A revolution is fast occurring in the field of early childhood education. Its principle pivot is this: we now know that a significant amount of adult-related behavior is associated with a child’s early years. During my visit to the annual NAEYC (National Association of the Education of Young Children) conference in Anaheim, California, my colleagues registered the recent upsurge of interest — from parents, other educators and policymakers — in the field, and for good reason.
An early childhood education is foundational, in the sense that it optimizes the development of habits and the mental capacities of a child for his/her subsequent education. It does this by interpreting what a child knows in order to explain what a child ought to know. An early childhood education, then, interprets a child’s immediate experience to lay the foundation for his subsequent education.
Among the benefits of a proper early childhood education are as follows. Children with a head-start in early childhood education had higher IQ scores and fewer social/behavioral problems upon entering kindergarten or elementary school. Children with an early childhood education were also noticeably able to more quickly learn and understand materials. This is important because attempting to repair reading skills in, say, the fourth grade has traditionally been more expensive — not to mention risky — than guaranteeing good preparatory reading and beginner reading skills in preschool and kindergarten respectively.
Because a quality early childhood education improves academic concentration, refines social skills and stresses effective communication, the long-term benefits of a quality early childhood education include fewer referrals to remedial services, higher grades, a greater ability to focus on the task at hand, as well as better social skills. What educators try to do in such a program is to: First, reinforce in a child a positive commitment to a communal life, or a life with other people. Second, to develop the skills and knowledge that are foundational for future success; third, to use these skills to develop flexibility to living and working that will serve them well in coping in a changing world, when change occurs. Fourth, and finally, such an education would help children value diversity from a young age in order to live in a tolerant society.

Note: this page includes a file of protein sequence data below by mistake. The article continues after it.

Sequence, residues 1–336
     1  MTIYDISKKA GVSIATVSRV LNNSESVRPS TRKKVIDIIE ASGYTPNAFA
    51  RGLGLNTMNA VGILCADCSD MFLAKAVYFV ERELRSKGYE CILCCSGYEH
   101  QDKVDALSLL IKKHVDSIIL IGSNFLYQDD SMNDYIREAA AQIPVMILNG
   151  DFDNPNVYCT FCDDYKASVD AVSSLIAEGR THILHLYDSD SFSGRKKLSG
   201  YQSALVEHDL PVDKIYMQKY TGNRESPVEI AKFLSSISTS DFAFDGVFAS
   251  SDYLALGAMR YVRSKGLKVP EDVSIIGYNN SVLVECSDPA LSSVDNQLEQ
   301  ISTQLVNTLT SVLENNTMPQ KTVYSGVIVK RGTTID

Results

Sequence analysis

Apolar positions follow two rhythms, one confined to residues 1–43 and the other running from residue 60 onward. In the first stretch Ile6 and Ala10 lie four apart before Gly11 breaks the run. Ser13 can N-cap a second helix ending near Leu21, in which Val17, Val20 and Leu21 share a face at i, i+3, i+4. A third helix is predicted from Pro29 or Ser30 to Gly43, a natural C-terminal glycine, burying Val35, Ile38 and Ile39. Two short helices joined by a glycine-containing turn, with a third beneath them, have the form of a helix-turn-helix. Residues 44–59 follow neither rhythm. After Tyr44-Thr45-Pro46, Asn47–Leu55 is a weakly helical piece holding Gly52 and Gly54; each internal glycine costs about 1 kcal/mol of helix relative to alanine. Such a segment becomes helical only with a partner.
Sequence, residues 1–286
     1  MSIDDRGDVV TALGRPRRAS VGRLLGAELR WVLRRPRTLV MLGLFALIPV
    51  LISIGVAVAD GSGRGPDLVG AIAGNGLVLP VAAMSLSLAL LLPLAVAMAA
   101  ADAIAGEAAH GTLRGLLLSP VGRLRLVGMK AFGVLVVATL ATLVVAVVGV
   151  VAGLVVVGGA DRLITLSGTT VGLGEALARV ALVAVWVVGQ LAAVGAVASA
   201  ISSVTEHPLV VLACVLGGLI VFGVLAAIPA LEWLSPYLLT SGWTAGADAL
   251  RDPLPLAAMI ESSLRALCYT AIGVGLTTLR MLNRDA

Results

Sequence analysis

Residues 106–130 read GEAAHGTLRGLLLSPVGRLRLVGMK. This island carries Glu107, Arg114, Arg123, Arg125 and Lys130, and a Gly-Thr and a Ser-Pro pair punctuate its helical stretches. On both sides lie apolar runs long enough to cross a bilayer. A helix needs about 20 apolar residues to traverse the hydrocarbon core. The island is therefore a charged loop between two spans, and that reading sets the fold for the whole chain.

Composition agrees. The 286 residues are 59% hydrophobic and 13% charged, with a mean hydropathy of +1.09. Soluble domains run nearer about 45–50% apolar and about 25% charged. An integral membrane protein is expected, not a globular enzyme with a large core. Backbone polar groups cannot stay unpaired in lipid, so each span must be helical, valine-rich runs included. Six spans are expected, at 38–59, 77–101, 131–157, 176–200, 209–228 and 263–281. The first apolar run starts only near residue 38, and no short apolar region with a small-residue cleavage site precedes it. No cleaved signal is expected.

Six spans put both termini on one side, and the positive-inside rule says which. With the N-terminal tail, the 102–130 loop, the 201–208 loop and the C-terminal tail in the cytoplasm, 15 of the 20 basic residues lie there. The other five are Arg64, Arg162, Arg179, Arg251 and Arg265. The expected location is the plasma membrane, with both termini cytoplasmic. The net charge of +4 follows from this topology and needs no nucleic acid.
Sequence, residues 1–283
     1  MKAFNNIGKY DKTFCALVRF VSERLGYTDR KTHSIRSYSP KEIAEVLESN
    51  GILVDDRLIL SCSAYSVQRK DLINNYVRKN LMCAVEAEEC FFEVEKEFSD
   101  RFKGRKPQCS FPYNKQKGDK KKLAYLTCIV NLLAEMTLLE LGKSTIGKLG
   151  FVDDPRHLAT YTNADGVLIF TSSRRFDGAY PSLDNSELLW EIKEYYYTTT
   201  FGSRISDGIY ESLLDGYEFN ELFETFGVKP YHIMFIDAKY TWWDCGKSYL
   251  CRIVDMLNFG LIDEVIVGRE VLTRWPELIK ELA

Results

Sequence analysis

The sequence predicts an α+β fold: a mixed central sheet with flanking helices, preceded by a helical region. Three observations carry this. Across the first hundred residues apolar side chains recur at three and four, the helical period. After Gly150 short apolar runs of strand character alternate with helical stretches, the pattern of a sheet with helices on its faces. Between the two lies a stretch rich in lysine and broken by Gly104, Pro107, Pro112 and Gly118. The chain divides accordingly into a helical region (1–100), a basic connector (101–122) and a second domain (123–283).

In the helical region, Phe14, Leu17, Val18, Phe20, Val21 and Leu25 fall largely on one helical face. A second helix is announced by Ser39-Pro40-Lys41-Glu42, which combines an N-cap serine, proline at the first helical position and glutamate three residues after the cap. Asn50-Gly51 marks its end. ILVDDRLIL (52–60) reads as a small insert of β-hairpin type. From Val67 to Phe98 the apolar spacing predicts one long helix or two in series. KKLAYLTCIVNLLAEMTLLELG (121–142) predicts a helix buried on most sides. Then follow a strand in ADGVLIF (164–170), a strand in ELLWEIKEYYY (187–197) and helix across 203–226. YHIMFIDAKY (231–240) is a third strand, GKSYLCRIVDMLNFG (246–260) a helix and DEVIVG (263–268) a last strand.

These are overarching, long-term goals. In order to fulfill them, early childhood educators have traditionally sought to inculcate in children a love of learning. Such inspiration is a prerequisite for future success in any field and perhaps more important even than aptitude. In addition to being taught reasoned thinking, children are taught to think through things so as to avoid regretting future decisions.
Children are taught the creative powers of self-expression. They are exposed to the powers of good judgment by being encouraged to directly relate to events in their surroundings, and thus understand safety issues, for example, for themselves. Most importantly, children are made to feel good about themselves. This is important if they develop a sense of self-confidence that is a prerequisite for success. Self-confidence often indicates a sense of self-worth, which has important consequences for developing a respect and consideration for others.
An early years program can also benefit children with developmental or physical disabilities. Through observation and varying assessment tools used in school, an early diagnosis in developmental delay can be made. Early intervention is the optimal early cure for developmental delay in a child.
It is clear, then, that early childhood education can have some great benefits for children. A high quality early childhood education represents one of the best investments one can make. Should parents choose to commit to an “at home” education, early childhood studies would encourage them to commit to creativity and being engaged in raising their children. Fundamentally however, whatever the setting of an early education, if we, as educators, have committed ourselves to helping children develop into adults who will be caring about people and the environment, socially responsible, inventive and, most importantly, can cope with changes, then it is apparent that we may better achieve our goals through an early years education.
The writer is a teacher at Tutor Time International Preschool & Kindergarten.